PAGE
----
As a specific example, when using the defibrillator of FIG. 2 and one of the data cards of FIGS. 3 or 4 to record this information and to provide the time information, the recording process begins when the defibrillator is turned on. At this time, the defibrillator records in data card digital memory (SRAM 44 or FLASH 52 or 54) a DEVICEON time from the continuous counter in clock 40. At the same time, the defibrillator starts a software counter associated with clock 107. In a New Use (i.e., when data begins recording at the beginning of the data card), ECG data is recorded after defibrillation electrodes or pads are attached to the patient and existing ECG memory on the card is erased. When the first ECG data point is recorded, a time RECORDTIME (derived from the software counter) is written to the data card memory. The ECG data is recorded and stored in data card memory at a resolution of 200 data points per second.
The recorded ECG data points (EDBT) are numbered, with the New Use having an EDBT of zero. With the exception of audio (e.g., voice) data, which start prior to ECG collection, all other event data stored in data card memory are correlated or stamped with the number of the ECG data point associated most closely with it in time. This technique provides finer correlation between ECG and other event data than the data card clock (with a resolution of only 1 sec.) can provide. The correspondence of the event data to clock time can easily be computed from RECORDTIME and the EDBT value.
After the defibrillator has been used to treat a patient and the time-correlated event data has been recorded, the memory device (e.g., data card) can be detached from the defibrillator and transported to a main data recovery unit (such as a PC) at another location. The clock on the data card will permit synchronization of the time-correlated event data with a clock in the main data recovery unit.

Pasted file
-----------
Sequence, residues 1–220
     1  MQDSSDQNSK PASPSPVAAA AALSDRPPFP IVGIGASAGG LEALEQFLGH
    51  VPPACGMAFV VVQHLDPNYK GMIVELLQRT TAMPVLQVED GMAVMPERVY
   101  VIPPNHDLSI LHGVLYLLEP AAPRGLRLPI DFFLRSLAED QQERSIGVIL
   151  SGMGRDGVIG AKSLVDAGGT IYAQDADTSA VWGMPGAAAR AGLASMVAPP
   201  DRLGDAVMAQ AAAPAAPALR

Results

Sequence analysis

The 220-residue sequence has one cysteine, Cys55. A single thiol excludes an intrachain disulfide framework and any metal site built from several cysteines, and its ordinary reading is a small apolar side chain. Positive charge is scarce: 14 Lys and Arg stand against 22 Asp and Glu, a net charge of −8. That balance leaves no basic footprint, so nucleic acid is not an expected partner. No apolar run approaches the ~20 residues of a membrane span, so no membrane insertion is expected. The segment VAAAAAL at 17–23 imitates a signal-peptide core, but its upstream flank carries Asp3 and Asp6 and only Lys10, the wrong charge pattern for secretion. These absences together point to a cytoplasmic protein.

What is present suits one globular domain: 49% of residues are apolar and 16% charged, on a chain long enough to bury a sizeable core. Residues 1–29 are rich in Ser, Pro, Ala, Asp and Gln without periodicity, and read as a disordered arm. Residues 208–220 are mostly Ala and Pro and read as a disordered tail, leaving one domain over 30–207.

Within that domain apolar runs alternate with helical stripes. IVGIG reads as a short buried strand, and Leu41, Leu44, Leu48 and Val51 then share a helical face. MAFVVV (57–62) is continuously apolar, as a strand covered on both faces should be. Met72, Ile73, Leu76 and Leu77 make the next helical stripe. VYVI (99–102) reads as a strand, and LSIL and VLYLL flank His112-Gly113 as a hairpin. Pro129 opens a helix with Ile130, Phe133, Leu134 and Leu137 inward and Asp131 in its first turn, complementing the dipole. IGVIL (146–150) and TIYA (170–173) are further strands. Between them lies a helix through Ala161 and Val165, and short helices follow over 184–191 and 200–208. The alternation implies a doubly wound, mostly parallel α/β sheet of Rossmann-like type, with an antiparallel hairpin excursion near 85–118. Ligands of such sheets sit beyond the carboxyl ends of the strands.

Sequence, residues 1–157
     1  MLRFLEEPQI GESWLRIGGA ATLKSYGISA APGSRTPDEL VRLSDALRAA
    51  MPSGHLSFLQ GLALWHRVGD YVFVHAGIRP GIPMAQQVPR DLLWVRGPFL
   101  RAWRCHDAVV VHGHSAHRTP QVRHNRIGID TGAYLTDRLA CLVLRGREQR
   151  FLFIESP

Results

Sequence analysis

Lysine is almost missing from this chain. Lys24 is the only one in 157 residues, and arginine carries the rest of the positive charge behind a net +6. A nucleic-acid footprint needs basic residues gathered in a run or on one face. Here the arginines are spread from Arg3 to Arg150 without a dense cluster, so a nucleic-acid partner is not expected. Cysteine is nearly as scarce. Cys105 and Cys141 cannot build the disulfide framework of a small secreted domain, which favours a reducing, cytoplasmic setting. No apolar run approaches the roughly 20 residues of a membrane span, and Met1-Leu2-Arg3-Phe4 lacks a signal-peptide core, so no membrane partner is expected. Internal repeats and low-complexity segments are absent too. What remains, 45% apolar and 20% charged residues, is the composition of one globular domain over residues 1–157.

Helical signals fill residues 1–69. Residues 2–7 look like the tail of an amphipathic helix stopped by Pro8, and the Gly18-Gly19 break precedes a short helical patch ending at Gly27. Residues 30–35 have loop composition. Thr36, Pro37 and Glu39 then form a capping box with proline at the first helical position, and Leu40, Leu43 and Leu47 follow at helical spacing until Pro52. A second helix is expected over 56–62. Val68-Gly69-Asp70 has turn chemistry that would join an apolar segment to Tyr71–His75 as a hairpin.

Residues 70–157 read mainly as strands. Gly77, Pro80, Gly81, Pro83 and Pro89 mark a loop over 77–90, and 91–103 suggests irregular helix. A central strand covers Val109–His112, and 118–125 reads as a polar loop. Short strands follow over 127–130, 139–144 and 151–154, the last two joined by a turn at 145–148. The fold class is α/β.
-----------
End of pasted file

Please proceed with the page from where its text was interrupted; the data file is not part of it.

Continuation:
In addition to the event data collected and recorded automatically, the invention also provides for manual recording of event data.
This invention can be used to record other electrotherapy device event data, such as device history records. Device history records could include self-test results, number of shocks delivered during patient treatment use, amount of time the device was used in a particular use mode, etc.
Other modifications will be apparent to those skilled in the art.
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|International Classification||A61B5/0432, A61N5/04, G06F19/00, G01D3/02, G06F17/40, G01D9/00|
|Cooperative Classification||A61B5/0432, A61N1/39, G01D9/005, G01D3/02, G06F19/3406, G06F19/3487|
|European Classification||G06F19/34A, G06F19/34P, G01D3/02, G01D9/00S, G06F17/40|
|May 16, 1996||AS||Assignment|
Owner name: HEARTSTREAM INC., WASHINGTON
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Effective date: 19960516
|Jan 13, 1997||AS||Assignment|